For me as a child in the early 80's, few actors were bigger heroes than Burt Reynolds. I could be fascinated by Clint Eastwood's coolness or Christopher Reeve's god-like appearance, but the charm, humour and liveliness of Burt Reynolds was second to none. I first met Burt through Hooper (1978) and I instantly fell in love with his carefree presence. And that was very much the epitome of Burt's career from the mid 70s and on, even though his career declined in the late 80s. Before this, however, Burt had made his real breakthrough - both commercially and critically - with John Boorman's brilliant Deliverance (1972). Soon after, he was the biggest star of American cinema, and he went through the rest of the decade without caring too much about developing himself as an actor or worrying too much about which roles he chose. He was basically around to have fun, and there is little doubt that he had. He appeared in numerous films with longtime girlfriend Sally Field (who never wanted to marry him), but well into the 80s, his films weren't longer as popular as before and the critics were sterner than ever. After a series of failures, Burt finally made an accomplished performance in Breaking In (1989) in which he finally succumbed to no longer being the young leading man he had been for nearly twenty years. The 90's didn't begin well, but a brilliant performance in Boogie Nights earned him a first (and somewhat surprising) Oscar-nomination. Since then, Reynolds has been more prolific than ever, even though approaching his seventies.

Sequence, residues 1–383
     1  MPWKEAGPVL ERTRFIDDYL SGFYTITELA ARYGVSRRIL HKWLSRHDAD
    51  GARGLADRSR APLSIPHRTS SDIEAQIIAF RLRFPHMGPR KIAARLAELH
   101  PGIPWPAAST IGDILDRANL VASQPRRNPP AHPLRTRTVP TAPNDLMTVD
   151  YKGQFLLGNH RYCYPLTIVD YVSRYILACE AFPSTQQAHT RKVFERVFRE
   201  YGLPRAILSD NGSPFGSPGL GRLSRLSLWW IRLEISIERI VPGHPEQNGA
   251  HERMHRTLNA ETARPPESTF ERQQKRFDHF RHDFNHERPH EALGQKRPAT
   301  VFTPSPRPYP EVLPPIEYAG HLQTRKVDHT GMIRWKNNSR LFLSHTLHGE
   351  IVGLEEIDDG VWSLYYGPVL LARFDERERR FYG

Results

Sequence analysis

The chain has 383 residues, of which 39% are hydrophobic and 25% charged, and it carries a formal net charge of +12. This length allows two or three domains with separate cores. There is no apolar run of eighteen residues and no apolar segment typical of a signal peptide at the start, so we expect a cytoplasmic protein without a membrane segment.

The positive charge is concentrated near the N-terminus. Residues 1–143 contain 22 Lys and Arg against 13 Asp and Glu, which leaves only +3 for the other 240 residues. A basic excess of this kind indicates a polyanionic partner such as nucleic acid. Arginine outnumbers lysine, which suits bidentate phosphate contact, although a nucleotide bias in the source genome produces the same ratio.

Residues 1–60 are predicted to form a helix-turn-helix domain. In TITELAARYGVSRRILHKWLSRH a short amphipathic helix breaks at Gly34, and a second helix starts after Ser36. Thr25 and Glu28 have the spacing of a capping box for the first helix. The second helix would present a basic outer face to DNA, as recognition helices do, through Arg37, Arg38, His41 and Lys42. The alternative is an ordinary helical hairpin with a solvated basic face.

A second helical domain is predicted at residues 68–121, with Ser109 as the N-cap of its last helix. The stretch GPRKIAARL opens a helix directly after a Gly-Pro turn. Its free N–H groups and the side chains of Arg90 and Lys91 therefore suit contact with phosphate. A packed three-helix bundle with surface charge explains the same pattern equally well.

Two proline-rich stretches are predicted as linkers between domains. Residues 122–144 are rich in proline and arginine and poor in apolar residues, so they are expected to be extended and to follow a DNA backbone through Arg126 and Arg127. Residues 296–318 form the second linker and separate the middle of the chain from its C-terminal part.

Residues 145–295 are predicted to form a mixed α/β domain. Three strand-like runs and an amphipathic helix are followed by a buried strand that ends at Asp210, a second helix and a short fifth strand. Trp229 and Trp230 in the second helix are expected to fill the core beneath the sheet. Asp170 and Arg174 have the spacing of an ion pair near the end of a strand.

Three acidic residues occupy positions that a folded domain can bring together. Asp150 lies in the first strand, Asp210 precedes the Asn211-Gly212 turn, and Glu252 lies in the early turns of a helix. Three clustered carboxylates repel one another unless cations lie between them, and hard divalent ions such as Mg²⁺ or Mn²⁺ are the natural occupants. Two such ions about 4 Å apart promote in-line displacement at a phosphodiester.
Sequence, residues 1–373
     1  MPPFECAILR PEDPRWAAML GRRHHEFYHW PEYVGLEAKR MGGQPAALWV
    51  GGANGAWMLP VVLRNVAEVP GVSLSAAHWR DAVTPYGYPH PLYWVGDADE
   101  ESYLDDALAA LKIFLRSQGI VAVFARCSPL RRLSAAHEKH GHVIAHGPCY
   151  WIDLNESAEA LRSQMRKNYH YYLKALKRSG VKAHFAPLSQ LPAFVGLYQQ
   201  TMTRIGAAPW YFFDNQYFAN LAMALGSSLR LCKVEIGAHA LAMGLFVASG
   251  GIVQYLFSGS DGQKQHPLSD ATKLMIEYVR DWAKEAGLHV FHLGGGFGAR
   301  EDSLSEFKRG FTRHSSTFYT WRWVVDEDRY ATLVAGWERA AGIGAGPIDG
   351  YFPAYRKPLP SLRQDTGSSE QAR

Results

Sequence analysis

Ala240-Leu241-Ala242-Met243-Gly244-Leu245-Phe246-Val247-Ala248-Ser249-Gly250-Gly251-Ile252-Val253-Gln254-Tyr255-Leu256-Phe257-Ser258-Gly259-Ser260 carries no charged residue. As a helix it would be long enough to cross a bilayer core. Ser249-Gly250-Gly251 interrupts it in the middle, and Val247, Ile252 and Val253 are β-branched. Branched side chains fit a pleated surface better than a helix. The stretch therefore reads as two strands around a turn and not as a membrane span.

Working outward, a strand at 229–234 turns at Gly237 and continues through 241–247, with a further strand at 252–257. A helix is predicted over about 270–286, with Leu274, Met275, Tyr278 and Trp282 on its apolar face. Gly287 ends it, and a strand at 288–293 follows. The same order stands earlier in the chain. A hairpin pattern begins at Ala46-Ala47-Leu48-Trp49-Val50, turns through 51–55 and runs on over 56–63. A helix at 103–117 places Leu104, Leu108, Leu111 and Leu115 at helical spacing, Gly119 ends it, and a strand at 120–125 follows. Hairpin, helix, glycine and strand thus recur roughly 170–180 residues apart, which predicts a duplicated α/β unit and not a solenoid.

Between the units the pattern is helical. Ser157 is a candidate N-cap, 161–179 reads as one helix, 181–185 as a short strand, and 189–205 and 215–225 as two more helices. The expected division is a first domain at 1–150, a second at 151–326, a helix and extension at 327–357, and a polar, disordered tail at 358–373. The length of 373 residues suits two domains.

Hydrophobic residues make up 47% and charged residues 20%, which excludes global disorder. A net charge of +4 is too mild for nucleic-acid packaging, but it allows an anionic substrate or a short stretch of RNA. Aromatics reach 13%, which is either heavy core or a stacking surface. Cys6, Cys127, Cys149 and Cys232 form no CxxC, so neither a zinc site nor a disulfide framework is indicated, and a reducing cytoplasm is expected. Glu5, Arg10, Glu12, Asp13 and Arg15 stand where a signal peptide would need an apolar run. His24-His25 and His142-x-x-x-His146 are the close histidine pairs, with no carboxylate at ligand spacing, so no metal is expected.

"Reynolds' charm makes up for film's other deficiencies" - Leonard Maltin
"(...) with that and Reynolds' polished good-ol'-boy Cary Grant performance, the movie is like a low-grade fever—you slip in and out of it painlessly" - Pauline Kael
"In the end though, it is all down to Burt's charm and buoyancy. He walks through this film portraying both jealousy and dispair without even being close to exposing himself. It would be disrespectful to actually call it acting, but he is darn brilliant." - Fredrik Fevang
"Burt Reynolds reins himself in and shows some sly grace as Sully" - Pauline Kael
"Reynolds is extremely good in his first
character role" - Leonard Maltin
[talking about the stunt scenes he did for his thriller
"I regret that I do not have the dignity of Ricardo Montalban, the class of Dean Martin, or the humor of Bill Cosby. I DO have the heart of a lion."
"All of the younger actors keep coming up to me and asking me where all of the land mines are because they know I've stepped on them all."
"If you hold on to things long enough, they get back into style...like me."
"my films were the kind they only show in prisons and in airplanes, because nobody can leave..."
[on Larry King Show, talking about the great parts he turned down]:
"I'm finally choosing a role for the right reason. It's not about the location--Jamaica? I'll take it--or the leading lady. It's about the words. I know I'll never be No. 1 again, but I'll be a working actor. And this time, I'll be a grownup. It's time. We have a saying in the South: 'No man's a man until his father tells him he is.' Well, mine never told me, and that was a problem. But my son did."
[When Shake says no to the girl at the altar]:
[While sitting on the toilet and somebody knocks on